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You would think that a Superintendent (Supt) of the police would be competent enough to get his story straight when testifying in a court of law. Apparently that’s a myth in Singapore.
Supt Abdul Khalik, Head Investigations of the Central Police Division no less, contradicted himself and his subordinate so badly that he ended up being chastised by the Judge.
This happened when he took the stand in the on-going case in which Mr Gandhi Ambalam, Dr Chee Soon Juan and Ms Chee Siok Chin face charges for assembly without a permit when they distributed flyers at Raffles City in 2006.
At the centre of the dispute was the testimony of his assistant, Deputy Superintendent (DSP) William Goh, who had earlier said that on the day of the incident, 10 Sep 06, he had received a call from Mr Khalik.
Mr Goh said that his boss had told him that there was an illegal assembly taking place by SDP members at the Raffles City Shopping Centre near the City Hall MRT Station and that “Dr Chee and some others were involved.” Mr Goh was assigned as the investigating officer.
The call, Mr Goh told the court, came in at around 11 am. The funny thing was that the SDP leaders did not go to Raffles City until 12:30 pm.
Supt Khalik said that upon receiving the information he called Mr Goh to alert him and to assign him the duty. The time of the call? Between 9-10 am. Following the call, the Supt said that he did not speak with Mr Goh again until after the incident.
He also said that he did not tell Mr Goh during the call that there was an illegal assembly going on and that he did not name Dr Chee nor did he mention the location.
When questioned by Ms Chee about the contradiction with Mr Goh’s testimony, Mr Khalik said flatly: “Mr Goh is mistaken.”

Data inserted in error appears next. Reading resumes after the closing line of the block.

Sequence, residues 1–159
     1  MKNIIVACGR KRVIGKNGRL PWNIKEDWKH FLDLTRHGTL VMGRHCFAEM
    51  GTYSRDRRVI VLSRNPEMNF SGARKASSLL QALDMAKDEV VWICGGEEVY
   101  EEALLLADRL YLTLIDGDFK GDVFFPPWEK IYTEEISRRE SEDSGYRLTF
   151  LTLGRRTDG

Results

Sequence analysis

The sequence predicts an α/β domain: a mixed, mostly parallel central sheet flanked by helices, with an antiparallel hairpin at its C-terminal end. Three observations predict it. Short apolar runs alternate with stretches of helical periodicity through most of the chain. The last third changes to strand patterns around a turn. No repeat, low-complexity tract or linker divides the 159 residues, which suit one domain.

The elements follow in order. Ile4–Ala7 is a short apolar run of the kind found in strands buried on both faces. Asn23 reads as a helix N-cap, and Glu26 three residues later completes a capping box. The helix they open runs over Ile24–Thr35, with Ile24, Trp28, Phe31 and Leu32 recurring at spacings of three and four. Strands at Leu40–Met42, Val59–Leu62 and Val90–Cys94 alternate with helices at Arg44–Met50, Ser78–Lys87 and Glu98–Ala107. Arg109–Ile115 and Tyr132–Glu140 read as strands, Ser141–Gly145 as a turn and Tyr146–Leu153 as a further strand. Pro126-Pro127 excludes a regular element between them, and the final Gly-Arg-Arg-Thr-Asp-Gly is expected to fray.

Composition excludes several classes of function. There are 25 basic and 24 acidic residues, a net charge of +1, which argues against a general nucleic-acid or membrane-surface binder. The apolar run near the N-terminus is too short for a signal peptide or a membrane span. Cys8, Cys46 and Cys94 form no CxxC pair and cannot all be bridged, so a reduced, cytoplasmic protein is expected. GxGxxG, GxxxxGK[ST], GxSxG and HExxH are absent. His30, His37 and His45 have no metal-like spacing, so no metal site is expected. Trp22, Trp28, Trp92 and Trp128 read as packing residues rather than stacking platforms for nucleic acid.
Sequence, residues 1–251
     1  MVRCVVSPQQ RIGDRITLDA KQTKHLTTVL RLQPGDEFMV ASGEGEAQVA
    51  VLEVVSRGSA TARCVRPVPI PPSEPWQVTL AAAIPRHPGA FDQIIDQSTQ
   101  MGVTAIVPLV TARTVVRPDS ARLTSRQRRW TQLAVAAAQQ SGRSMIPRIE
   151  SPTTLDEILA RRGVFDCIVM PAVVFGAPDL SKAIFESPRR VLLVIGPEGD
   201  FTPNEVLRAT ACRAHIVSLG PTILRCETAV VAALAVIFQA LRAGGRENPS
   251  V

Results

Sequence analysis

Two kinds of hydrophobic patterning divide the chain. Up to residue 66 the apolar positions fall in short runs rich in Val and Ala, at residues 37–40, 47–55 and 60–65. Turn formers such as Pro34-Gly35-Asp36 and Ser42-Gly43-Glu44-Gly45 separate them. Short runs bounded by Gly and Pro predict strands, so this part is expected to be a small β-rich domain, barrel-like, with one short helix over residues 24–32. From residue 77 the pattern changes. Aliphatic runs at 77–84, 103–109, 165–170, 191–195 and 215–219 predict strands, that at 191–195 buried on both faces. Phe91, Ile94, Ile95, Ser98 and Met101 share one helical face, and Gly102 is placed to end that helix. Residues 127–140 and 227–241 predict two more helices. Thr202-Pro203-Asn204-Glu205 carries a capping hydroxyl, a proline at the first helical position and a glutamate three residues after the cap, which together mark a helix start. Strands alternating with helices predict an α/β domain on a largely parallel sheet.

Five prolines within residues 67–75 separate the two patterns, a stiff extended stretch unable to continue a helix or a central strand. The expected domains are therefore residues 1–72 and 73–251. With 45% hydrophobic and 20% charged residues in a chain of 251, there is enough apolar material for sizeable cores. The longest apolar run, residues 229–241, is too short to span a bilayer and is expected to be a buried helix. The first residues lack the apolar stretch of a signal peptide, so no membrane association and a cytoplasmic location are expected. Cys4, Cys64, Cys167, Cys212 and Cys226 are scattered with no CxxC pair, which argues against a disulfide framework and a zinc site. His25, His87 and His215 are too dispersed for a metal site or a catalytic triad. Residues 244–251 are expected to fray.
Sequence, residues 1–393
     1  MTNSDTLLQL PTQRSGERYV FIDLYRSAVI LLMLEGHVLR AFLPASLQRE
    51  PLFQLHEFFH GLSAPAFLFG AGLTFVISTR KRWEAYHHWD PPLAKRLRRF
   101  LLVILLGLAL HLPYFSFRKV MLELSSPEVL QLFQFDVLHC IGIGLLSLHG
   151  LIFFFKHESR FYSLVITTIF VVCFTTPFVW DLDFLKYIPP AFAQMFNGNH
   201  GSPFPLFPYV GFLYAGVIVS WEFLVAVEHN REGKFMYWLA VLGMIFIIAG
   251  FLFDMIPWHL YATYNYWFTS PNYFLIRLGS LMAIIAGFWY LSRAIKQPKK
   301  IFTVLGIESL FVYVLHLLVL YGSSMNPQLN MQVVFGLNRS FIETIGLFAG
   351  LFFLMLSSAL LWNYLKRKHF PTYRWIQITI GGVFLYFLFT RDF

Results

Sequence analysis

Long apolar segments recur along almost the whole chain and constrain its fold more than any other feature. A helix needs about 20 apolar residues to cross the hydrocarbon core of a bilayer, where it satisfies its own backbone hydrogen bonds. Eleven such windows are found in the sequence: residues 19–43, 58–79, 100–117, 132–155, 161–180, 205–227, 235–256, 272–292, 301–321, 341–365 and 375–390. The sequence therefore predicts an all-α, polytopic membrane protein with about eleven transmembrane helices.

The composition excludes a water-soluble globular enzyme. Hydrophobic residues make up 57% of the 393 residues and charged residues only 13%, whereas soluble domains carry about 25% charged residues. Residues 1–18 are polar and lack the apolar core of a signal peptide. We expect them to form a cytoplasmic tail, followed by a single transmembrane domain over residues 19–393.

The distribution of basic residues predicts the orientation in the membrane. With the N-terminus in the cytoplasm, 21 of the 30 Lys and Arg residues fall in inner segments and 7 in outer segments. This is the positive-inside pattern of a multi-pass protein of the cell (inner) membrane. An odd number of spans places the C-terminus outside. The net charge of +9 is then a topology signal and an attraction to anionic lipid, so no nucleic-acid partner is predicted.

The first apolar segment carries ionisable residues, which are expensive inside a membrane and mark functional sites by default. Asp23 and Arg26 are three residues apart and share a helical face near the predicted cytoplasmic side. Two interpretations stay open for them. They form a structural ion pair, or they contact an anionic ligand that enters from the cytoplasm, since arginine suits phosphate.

Dr Chee then probed further: “William Goh said that you called him and gave him this info. He said it twice, once when asked by Chee Siok Chin and again when I asked him during my cross-examination. Both times he said that you had given him the information.”
“My answer remains that he is mistaken,” Mr Khalik insisted.
Then came the fumble.
Under questioning by the DPP, Mr Khalik admitted that he, and not Mr Goh, could be mistaken.
Seizing on this Dr Chee asked during re-examination whether the Supt could have called his assistant only after the activity began at 12:30 pm.
“It is possible,” Mr Khalid conceded.
“What I’m trying to do is to rationalize…” he offered weakly, “I am only trying to rationalize based on the best of my memory.”
This earned a warning from the Judge: “Your job as a witness is not to rationalize. It is to answer what you know. Leave the rationalizing to parties.”
“Yes, sir,” the Supt replied meekly.
“You are now saying that both events are possible meaning you could have called him early in the morning or you could have called him only in the afternoon after the activity began. Which is which?” Dr Chee enquired.
The officer conceded that both were possibilities but he could not remember which was which.
“But either way,” Dr Chee pointed out, “you are caught.”
If Mr Khalik had called DSP Goh in the morning before the activity began, the Supt could not have told Mr Goh about the details of the event. In other words, Mr Goh was lying on the stand.
If the Supt called the DSP only in the afternoon after the activity had started, then he was lying on the stand because he had earlier testified that he had called Mr Goh at around 9-10 am and that he had not communicated with the DSP thereafter.
Either way, the testimony of the two senior officers lay in shambles. Worse, one of them was lying under oath.
Plastered boldly across the Singapore police website is the rather audacious statement: “We are a police force that inspires the world.” Maybe they should learn how to tell the truth first.
The hearing ended on 16 Oct 09. Parties will submit written closing submissions on 6 Nov and the verdict will be rendered in December.